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Natural Awakenings Atlanta

Multi-Studio Owners Expand Yoga’s Presence

Sep 02, 2021 06:00AM ● By Sheila Ewers

Lori Denton (Photo: Barbie Margolies)

Even in this era of unprecedented challenge and competition, three tenacious Atlanta studio owners have been able to sustain multiple studios and broaden their reach. Elspeth Brotherton, Ahoo Sarab and Lori Denton influence thousands of yoga practitioners throughout the metro area, employ dozens of teachers and juggle the demands of entrepreneurship with the kind of equanimity that comes from years of personal yoga practice. We caught up with each of them to learn more about their journeys and the communities they steward.

Elspeth Brotherton

Highland Yoga

Elsie Brotherton (Photo: 2TPHOTO)

Elsie Brotherton opened the first Highland Yoga location in February 2015. She has since added four more locations in Buckhead, Decatur, Memorial Drive and the Westside and plans to open a sixth location in Brookhaven in March 2022. All Highland Yoga studios focus on creative and dynamic hot vinyasa yoga.

Can you describe your own yoga roots and inspiration?

My yoga journey began in law school. On a whim, I signed up for a class at the East Lake Y where I connected with a truly inspiring teacher. In the early days of my career as a lawyer in Texas, I started relying more and more on yoga to help with anxiety and stress and to counter the physical effects of sitting at a desk for 10 to 12 hours a day doing legal work. During that time, my former husband—now my business partner!—and I were taking care of a close friend who ultimately lost his battle with colon cancer. Realizing that life is too short to do work that makes you chronically anxious and stressed out, we decided to move back to Atlanta from Texas to open a yoga studio in Virginia Highlands in February 2015.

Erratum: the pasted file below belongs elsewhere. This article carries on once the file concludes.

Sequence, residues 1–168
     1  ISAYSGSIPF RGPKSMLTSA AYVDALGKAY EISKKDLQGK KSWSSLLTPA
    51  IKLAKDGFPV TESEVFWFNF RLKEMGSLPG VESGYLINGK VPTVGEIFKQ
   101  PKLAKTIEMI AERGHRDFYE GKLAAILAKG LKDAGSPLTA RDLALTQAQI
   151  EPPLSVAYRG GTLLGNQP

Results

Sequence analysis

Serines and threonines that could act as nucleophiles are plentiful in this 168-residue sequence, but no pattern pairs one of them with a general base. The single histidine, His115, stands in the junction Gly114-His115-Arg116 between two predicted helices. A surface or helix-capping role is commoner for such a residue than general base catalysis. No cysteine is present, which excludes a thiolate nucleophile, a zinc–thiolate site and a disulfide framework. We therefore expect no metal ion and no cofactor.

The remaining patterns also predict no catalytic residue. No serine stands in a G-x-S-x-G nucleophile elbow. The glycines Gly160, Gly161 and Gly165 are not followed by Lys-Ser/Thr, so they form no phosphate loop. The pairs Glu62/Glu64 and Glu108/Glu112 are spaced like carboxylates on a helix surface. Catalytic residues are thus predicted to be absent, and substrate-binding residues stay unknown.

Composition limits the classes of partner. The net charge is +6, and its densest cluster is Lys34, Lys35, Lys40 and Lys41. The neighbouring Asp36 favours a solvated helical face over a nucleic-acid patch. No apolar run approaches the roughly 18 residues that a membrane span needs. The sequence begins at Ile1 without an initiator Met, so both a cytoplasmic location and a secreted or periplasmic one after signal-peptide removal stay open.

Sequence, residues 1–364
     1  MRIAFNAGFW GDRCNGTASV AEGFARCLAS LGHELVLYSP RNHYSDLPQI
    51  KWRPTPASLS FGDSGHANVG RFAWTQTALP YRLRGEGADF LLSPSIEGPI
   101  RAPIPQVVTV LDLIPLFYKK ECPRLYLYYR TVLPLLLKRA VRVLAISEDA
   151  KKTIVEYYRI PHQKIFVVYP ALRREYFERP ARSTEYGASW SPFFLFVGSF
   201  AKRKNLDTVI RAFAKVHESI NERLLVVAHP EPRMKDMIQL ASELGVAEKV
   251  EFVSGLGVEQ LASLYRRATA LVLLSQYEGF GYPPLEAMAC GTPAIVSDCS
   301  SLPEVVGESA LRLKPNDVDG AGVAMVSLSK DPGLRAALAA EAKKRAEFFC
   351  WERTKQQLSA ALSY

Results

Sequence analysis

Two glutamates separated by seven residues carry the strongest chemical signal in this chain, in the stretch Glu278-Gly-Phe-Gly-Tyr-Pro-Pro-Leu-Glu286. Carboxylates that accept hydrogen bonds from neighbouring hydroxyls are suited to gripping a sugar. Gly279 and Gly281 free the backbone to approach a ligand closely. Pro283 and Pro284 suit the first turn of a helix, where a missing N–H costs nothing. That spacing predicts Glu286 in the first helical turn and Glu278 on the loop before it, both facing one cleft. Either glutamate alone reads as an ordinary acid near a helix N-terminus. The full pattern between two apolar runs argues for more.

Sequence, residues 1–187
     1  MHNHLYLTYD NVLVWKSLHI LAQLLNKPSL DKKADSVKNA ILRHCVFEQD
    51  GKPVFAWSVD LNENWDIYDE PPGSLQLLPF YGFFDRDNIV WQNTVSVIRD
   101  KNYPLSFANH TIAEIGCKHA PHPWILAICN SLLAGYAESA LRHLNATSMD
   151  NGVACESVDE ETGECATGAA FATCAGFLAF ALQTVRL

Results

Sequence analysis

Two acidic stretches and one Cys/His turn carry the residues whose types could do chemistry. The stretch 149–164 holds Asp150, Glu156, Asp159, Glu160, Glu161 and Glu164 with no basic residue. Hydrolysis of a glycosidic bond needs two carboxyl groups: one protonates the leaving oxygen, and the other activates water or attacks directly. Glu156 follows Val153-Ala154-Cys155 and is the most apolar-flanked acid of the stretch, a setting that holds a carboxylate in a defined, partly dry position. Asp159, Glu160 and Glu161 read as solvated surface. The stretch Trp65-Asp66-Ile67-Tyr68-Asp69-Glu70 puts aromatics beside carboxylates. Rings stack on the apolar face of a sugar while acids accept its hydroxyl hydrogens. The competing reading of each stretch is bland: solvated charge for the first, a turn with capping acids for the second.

How did you choose to expand?

While opening our first location, I caught the entrepreneurial bug! I love the creativity and problem-solving required for business-building. I also love seeing our community of students and teachers grow.

What makes your community unique?

Our style of yoga combines strength, flexibility, breathing practices, mindfulness and meditation to create the ultimate one-hour practice. It is consistent and disciplined and has enough creativity to keep things interesting. Importantly, our yoga is challenging without being unsafe or inaccessible. We believe that students should take what they need and leave what they don’t in each practice. Although I believe all forms and styles of yoga and movement are wonderful, our style checks a lot of important boxes in a way that is very efficient and predictable, and I think this keeps students coming back. We also have an amazing community that is built on our belief that every single student matters.

Ahoo Sarab

Korsi Hot Yoga and Still Hot Yoga

Ahoo Sarab

Ahoo Sarab opened Korsi Hot Yoga in Roswell in 2015 and took ownership of Still Hot Yoga in Decatur in 2017. The Korsi studio offers a variety of heated styles, including hot flow, yin and Bikram, while Still Hot focuses primarily on Bikram.

Can you describe your own yoga roots and inspiration?

I began a home yoga practice with VHS tapes at the age of 17, and it began to shape me physically, emotionally and mentally. In my late 20s, I volunteered at a yoga center in Virginia. Soon after, I left the [U.S.] and didn’t return for a decade, moving to Kazakhstan, Russia, England and Ukraine. With time on my hands and a need for a yoga community, I began my first 200-hour certification. It was a self-study program, and I filmed myself teaching to empty rooms. I went on to complete a kids yoga certification and a reiki certification soon after using the same mail-away method. In Ukraine, I became friends with a Bikram-certified instructor, who reinvigorated my love of the practice. We were planning to open a studio in Kiev, but when life took a turn again, I returned to Roswell, where I grew up. Still clear about my intention, I immediately set about opening a space there.